Materials and Methods

Design

Differences in medication load in the year following DSP episodes compared with the year beforehand were investigated in a longitudinal design comprising questionnaire as well as registry data for patients admitted to hospital for an episode of DSP.

Data collection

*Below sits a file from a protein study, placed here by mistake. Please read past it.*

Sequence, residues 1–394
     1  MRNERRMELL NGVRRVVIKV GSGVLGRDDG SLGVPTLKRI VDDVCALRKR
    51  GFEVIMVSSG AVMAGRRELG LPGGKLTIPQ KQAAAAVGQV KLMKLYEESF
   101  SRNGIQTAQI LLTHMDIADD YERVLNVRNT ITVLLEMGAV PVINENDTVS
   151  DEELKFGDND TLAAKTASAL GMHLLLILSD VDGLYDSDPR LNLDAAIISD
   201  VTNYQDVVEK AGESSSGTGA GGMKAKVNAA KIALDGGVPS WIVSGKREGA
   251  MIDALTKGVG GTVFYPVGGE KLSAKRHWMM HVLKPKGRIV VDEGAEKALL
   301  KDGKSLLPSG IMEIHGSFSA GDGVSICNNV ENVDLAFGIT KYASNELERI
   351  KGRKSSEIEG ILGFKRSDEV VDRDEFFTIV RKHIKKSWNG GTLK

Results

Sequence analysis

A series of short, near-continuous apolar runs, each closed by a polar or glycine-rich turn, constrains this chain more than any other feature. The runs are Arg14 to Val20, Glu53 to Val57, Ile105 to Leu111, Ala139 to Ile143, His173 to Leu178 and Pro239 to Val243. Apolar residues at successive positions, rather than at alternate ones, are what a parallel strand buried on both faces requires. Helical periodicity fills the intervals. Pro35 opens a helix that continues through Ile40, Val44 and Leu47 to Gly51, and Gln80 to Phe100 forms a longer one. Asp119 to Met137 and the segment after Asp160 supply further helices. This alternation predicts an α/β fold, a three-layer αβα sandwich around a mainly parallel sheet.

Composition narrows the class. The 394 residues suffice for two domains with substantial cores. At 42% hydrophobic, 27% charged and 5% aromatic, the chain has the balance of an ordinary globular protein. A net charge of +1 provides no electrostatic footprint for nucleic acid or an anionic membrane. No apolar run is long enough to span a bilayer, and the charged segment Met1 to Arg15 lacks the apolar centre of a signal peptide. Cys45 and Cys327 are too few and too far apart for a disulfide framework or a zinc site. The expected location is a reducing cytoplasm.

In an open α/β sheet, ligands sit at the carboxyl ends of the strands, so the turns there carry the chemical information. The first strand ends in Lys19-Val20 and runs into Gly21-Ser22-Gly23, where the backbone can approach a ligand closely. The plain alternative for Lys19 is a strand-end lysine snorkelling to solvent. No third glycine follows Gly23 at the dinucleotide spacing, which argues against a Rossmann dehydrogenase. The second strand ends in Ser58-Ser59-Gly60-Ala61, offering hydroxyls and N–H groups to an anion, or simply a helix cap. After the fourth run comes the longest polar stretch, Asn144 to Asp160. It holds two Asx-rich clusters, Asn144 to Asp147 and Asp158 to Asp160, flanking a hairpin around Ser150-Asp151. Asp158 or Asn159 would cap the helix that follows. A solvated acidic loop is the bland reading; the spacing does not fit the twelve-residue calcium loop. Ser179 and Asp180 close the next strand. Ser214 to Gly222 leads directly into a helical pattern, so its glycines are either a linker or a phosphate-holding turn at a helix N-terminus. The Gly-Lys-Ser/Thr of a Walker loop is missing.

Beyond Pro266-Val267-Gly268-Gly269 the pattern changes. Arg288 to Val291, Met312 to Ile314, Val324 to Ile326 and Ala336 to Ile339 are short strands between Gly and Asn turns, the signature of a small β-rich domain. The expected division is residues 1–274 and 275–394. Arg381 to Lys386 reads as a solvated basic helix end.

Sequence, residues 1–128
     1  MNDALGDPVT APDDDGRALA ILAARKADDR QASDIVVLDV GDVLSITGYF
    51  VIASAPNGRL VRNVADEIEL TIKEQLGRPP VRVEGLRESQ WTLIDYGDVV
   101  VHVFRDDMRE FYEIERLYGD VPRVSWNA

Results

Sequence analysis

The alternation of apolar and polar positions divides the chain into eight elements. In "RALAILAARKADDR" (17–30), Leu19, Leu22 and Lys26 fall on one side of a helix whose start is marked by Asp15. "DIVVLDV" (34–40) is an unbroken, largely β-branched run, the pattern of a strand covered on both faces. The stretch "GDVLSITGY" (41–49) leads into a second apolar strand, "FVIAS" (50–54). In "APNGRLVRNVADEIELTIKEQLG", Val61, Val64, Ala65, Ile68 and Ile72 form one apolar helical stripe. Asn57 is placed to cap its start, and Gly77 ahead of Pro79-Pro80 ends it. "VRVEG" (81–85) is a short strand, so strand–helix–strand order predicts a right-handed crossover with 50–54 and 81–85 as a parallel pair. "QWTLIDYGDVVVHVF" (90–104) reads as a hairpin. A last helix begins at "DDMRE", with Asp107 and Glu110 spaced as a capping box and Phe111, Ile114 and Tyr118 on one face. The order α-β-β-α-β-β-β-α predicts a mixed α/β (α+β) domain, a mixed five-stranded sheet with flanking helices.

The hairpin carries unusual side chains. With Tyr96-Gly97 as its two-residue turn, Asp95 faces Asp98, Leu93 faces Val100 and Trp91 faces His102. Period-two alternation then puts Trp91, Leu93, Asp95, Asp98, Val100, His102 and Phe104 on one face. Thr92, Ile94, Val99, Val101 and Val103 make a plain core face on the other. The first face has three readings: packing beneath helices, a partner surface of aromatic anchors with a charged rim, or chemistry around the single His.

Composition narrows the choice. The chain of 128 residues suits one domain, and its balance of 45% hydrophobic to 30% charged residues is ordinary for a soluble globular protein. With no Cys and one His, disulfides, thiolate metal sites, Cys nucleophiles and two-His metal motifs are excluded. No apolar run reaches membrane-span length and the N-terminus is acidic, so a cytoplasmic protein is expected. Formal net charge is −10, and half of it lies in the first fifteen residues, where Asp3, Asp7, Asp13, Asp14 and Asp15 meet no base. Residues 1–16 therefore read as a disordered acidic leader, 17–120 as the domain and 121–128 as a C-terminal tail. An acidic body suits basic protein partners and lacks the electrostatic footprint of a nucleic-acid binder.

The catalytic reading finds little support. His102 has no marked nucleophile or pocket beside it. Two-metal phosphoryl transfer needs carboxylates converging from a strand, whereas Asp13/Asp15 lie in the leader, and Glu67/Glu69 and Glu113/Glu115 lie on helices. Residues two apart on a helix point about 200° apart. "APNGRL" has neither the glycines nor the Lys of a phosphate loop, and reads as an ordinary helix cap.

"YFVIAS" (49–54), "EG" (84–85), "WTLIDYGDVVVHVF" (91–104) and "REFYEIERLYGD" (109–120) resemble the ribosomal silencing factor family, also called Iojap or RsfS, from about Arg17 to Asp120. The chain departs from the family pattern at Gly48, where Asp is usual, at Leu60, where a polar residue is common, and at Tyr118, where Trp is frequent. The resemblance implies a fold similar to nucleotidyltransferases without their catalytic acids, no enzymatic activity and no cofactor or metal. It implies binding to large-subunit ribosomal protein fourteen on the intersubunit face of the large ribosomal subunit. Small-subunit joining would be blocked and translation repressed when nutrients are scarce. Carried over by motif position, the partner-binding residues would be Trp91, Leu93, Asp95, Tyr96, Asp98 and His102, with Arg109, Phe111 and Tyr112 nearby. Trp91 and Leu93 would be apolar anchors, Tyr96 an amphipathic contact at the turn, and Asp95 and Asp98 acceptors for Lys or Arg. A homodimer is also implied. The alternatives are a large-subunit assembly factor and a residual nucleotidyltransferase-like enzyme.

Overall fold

DSP was defined as the intentional self-administration of more than the prescribed or recommended dose of any medication and with evidence that the act was intended to harm the patient though not necessarily to result in death [10]. The patients included in the study were individuals aged 18 years or older who had engaged in DSP and had presented to three major hospitals in Eastern Norway, Ullevål University Hospital, Oslo, Innlandet Hospital Trust, Gjøvik and Vestre Viken Hospital Trust, Bærum, between January 2006 and March 2007. These are all somatic hospitals, treating most cases of DSP. Patients treated without admission or referred directly from outpatient units, i.e., GP or psychiatric outpatient clinics, to psychiatric wards were not included in the study. Patients who were intellectually or developmentally disabled, psychotic or non-Norwegian speaking were excluded, as were patients admitted for accidental medication overdoses. The medical staff at the hospitals recruited the DSP cases to participate in the study while they were hospitalised (t1). Each patient completed a questionnaire, with the majority completing within the day following hospital presentation. Trained health personnel assisted the patients in completing the questionnaire.